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Understanding the benefits of chromium supplementation in the feedlot

Jerilyn Hergenreder for Progressive Cattle Published on 24 April 2020

All cattle producers understand that healthy, efficiently growing cattle generate the greatest returns. With feed costs attributing to nearly 70% of total production costs in the beef industry, constant effort and creativity are required to achieve optimal return on investment.

A variety of strategies and products exist to prevent disease, improve growth and maintain overall health in feedlot cattle. However, one of the more underutilized of these strategies is the inclusion of chromium in the diet.

It was once thought that feedstuffs contained adequate concentrations of this essential trace mineral, yet recent studies have demonstrated that among grains, forages and byproduct/miscellaneous feeds, there are actually low chromium concentrations. These findings prompted research interest in examining the implementation of chromium in the feedlot diet and its effect on feed costs and profitability. As a result, it turns out that chromium supplementation has nutritional and financial benefits worth considering.

Chromium as an essential nutrient

Chromium primarily acts to improve insulin sensitivity and reduce the release of the stress hormone cortisol. The more insulin-sensitive an animal is, the more glucose will be readily available for cells involved in growth and immunity, two vital aspects of beef production.

Growth, immunity and stress go hand in hand when it comes to feedlot productivity, as stress plays a significant role in the ability of an animal to generate an adequate immune response to fight off infection. Furthermore, fighting infection competes with muscle growth. Therefore, improving overall immunity in the feedlot is essential to minimizing losses due to health issues and maximizing production.

Typical stressors in the life of a feedlot animal

A common hindrance to productivity in the feedlot is stress. Stress can be a somewhat elusive term, as a multitude of stressors/responses exist, but generally it can be defined as the physiological or behavioral adjustment an animal makes to cope with a stressor and maintain balance (homeostasis) within the body. It is necessary to identify stressors in the feedlot in order to prevent and/or alleviate them.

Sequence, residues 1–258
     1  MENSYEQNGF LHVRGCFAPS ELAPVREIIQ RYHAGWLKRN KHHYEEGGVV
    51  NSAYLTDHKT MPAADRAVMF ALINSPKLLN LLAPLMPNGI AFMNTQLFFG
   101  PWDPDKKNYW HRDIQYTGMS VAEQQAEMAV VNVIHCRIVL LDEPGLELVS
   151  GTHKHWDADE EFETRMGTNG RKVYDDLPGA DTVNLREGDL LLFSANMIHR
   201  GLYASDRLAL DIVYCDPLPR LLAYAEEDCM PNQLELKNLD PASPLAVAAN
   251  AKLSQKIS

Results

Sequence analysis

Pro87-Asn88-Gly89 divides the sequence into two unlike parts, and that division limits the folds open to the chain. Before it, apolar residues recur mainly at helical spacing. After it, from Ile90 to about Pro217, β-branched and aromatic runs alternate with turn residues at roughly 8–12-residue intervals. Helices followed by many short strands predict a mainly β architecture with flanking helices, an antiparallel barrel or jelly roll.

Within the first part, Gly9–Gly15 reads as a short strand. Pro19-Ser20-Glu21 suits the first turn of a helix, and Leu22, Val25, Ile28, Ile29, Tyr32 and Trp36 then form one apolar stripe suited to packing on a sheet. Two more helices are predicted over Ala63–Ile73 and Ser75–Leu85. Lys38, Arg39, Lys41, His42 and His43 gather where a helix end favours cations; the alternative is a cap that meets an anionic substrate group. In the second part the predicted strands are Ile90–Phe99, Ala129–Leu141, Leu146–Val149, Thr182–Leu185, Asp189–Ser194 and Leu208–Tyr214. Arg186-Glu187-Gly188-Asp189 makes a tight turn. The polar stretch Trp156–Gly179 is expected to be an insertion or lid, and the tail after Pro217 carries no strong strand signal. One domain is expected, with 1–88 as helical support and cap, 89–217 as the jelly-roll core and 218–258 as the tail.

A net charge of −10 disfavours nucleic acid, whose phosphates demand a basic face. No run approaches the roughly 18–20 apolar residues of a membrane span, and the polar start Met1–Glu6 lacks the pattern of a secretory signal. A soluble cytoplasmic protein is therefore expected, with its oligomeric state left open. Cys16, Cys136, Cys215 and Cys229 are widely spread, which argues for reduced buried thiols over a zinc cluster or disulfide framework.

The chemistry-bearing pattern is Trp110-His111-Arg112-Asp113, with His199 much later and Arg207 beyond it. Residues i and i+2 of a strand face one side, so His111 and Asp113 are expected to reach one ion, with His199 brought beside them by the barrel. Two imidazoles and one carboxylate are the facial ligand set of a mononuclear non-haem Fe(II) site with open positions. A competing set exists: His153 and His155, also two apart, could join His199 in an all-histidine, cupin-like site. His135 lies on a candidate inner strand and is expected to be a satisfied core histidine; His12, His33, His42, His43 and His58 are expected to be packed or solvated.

Most cattle arriving to feedlots have undergone what are considered “stressful” events, such as transportation, temporary change in diet, commingling with cattle from other farms and on-arrival processing (vaccination, dehorning, castration and eartagging). Classic signs of stress in cattle include:

  • Reduced feed intake
  • “Bawling” noise
  • Isolation from the herd
  • Increased sickness and disease
  • Lethargic appearance
  • Dehydration

The stress response and immunity

During a stress response, there is more than meets the eye occurring internally. Glucocorticoids (primarily cortisol) and catecholamines (adrenaline and noradrenaline) are released in the body, altering carbohydrate and protein metabolism, growth and immune function.

In cattle, cortisol has been associated with:

  • Suboptimal growth
  • Suppression of the immune system
  • Reduced rates of reproduction
  • Greater disease susceptibility

The nutrients required to supply an immune response consequently partition nutrients away from growth – not what you need when producing beef. This activation of the immune response due to stress ultimately leads to poorer feed efficiency due to these shifts in nutrient metabolism and a decrease in feed intake. Minimizing the effects of stress on the immune system is vital to minimizing profit loss.

Glucose requirements of the immune system

The primary fuel source of activated immune cells is glucose. Glucose also happens to be the primary fuel source for muscle growth, so it is easy to see how these two metabolic systems will compete with one another when limited glucose is available. Furthermore, the animal’s body prioritizes immunity over growth, naturally, which increases the glucose requirements of the animal during an immune insult. The distribution of glucose to various tissues based on a hierarchy of metabolic needs results in the list below.

What can the animal do with more glucose?

  • Withstand effects of weather stress

  • Improve immune function

  • Increase protein accretion

  • Optimize performance during high metabolic demands

  • Increase feed efficiency

  • Minimize production losses

To further exacerbate this scenario, stress commonly leads to a decrease in feed intake, which makes glucose even harder to come by. The primary stress hormone, cortisol, is also continually released during a stress response, signaling the liver to make its own glucose, as there is a shortage.